Results

The arithmetic mean (SD) of blood Mn concentration in this study population was 22.5 (7.2) μg/L, ranging from 8.5 to 58.6 μg/L, and the median was 21.5 μg/L. Mean infant birth weight was 3303.9 (367.6) g, and mean maternal age was 30.3 (3.6) years. The gestational age and maternal term weight were significantly associated with birth weight, but only gestational age was associated with maternal blood Mn in borderline level of significance (p = 0.067) (Table 1).
Table 1

Distribution of blood manganese concentration and birth weight by general characteristics of the study subjects

 

Maternal blood Mn (μg/L)

Birth weight (g)

 

N

(%)

Mean ± SD

p-value

Mean ± SD

p-value

Total

331

(100)

22.5 ± 7.2

-

3,303.9 ± 367.6

-

Infant sex

      

 Male

166

(50.2)

22.7 ± 7.5

0.521

3,359.2 ± 388.7

0.004

 Female

160

(48.3)

22.2 ± 6.5

3,242.6 ± 331.6

 Missing

5

(1.5)

25.4 ± 15.1

-

4060.0

-

Gestational age (days)

      

 <268

79

(23.9)

20.9 ± 8.1

0.067

3,252.4 ± 363.6

<.001

 268-272

73

(22.0)

22.9 ± 6.7

3,169.5 ± 333.6

 273-277

54

(16.3)

22.8 ± 7.1

3,292.2 ± 346.0

 278-282

67

(20.2)

23.1 ± 6.7

3,447.4 ± 385.8

 ≥283

58

(17.5)

23.2 ± 7.0

3,389.8 ± 346.2

Maternal age (years)

      

 <28

104

(31.4)

22.5 ± 7.6

0.781

3,312.6 ± 343.7

0.996

 28-29

90

(27.2)

21.1 ± 6.8

3,282.2 ± 395.9

 30-32

82

(24.8)

22.8 ± 6.7

3,326.3 ± 372.3

 ≥33

54

(16.3)

22.6 ± 7.8

3,296.4 ± 364.0

 Missing

1

(0.3)

29.8

-

2,920.0

-

Maternal education

      

 High school or less

85

(25.7)

22.7 ± 7.3

0.794

3,337.5 ± 398.7

0.400

 University or above

230

(69.5)

22.5 ± 7.1

3,301.1 ± 359.7

 Missing

16

(4.8)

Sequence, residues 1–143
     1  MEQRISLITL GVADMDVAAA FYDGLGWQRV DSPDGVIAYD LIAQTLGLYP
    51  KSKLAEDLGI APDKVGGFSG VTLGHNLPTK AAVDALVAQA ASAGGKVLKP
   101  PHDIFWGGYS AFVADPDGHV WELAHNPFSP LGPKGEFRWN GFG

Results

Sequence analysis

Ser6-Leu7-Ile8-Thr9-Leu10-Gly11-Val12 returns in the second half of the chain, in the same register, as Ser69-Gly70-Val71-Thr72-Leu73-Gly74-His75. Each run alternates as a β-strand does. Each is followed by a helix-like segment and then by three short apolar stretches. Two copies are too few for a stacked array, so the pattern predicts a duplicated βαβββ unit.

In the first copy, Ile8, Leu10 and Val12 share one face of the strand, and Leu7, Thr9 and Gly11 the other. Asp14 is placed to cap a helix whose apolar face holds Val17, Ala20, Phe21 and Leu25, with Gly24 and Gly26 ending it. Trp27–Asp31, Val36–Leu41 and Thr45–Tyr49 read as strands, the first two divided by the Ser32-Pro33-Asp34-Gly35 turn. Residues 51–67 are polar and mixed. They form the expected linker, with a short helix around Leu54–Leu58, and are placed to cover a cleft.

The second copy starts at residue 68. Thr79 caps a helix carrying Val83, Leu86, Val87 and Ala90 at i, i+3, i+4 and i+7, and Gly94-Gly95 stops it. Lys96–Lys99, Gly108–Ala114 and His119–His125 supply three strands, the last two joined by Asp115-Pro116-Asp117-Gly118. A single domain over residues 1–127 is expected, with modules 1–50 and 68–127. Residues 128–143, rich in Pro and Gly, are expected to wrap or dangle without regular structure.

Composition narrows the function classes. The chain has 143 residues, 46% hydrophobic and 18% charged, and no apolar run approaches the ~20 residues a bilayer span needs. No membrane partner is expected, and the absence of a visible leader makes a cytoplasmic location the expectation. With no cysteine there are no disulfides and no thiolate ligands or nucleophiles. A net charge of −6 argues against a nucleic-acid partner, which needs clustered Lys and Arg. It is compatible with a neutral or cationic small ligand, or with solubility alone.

21.8 ± 8.2

-

3,166.9 ± 284.6

-

Maternal income (million KRW per month)

      

 <200

81

(24.5)

22.8 ± 6.4

0.961

3,280.6 ± 391.4

0.276

 200-299

117

(35.3)

21.8 ± 7.3

3,295.7 ± 375.6

 ≥300

118

(35.6)

22.9 ± 7.2

3,336.5 ± 349.7

 Missing

15

(4.5)

22.3 ± 9.7

-

3,233.6 ± 315.7

-

Maternal parity

      

 No

134

(40.5)

22.3 ± 6.4

0.363

3,281.9 ± 358.9

0.821

 ≥1

151

(45.6)

22.4 ± 7.9

3,334.4 ± 370.5

 Missing

46

(13.9)

23.5 ± 6.9

3,265.0 ± 382.0

Maternal term weight (kg)

      

 <61

54

(16.3)

24.4 ± 8.5

0.736

3,182.4 ± 333.6

0.003

 61-64

56

(16.9)

21.6 ± 7.0

3,244.6 ± 283.0

 65-68

36

(10.9)

21.6 ± 6.5

3,251.4 ± 383.9

 69-75

50

(15.1)

21.5 ± 4.5

3,368.4 ± 358.0

 ≥76

43

(13.0)

21.7 ± 7.8

3,519.3 ± 426.7

 Missing

92

(27.8)

23.2 ± 7.4

3,295.6 ± 361.2

Maternal blood Mn (μg/L)*

      

 <16.9

65

(19.6)

-

-

3,362.2 ± 386.6

0.167

 16.9 – <20.0

66

(19.9)

-

-

3,225.3 ± 378.5

 20.0 – <22.9

68

(20.5)

-

-

3,355.5 ± 345.3

 22.9 – <26.9

66

(19.9)

-

-

3,270.2 ± 347.9

 >26.9

66

(19.9)

-

-

3,308.6 ± 371.5

Birth weight (quintile, g)

      

 <3000

59

(18.2)

22.7 ± 8.6

0.608

-

-

 3000-3199

65

(20.0)

21.5 ± 6.1

-

-

 3200-3399

66

(20.3)

21.8 ± 6.0

-

-

 3400-3599

64

(19.7)

22.8 ± 7.1

-

-

 ≥3600

71

(21.9)

23.2 ± 7.4

-

-

Tested by ANOVA (tested for linear trend in case of ordinal variables) or t-test.

106 KRW = 1050 USD as of Jan 2008.

*The 8 μg/L unit categories of blood Mn.

(N = 331).

When we evaluated the quadratic association of Mn on birth outcome using a multiple linear regression model, a borderline level of significance was found between blood Mn and birth weight (p = 0.054) after controlling for possible confounders including infant sex, gestational age, maternal education, maternal parity, maternal term weight, maternal income, and maternal age (Table 2).
Table 2

Regression analysis of birth weight and maternal blood Mn concentration

 

Model 1

Model 2

Model 3

Beta

SE

p-value

Beta

SE

p-value

Beta

SE

p-value

Maternal Mn

3.39

2.90

0.244

2.65

2.87

0.356

23.48

12.14

0.054

Maternal Mn2

-

-

-

-

-

-

-0.38

0.22

0.079

Model p value

0.244

<0.001

<0.001

Adjusted R2

0.001

0.163

0.169

Unadjusted model, Adjusted for infant sex, gestational age, maternal education, maternal parity, maternal term weight, maternal income, and maternal age (N = 325).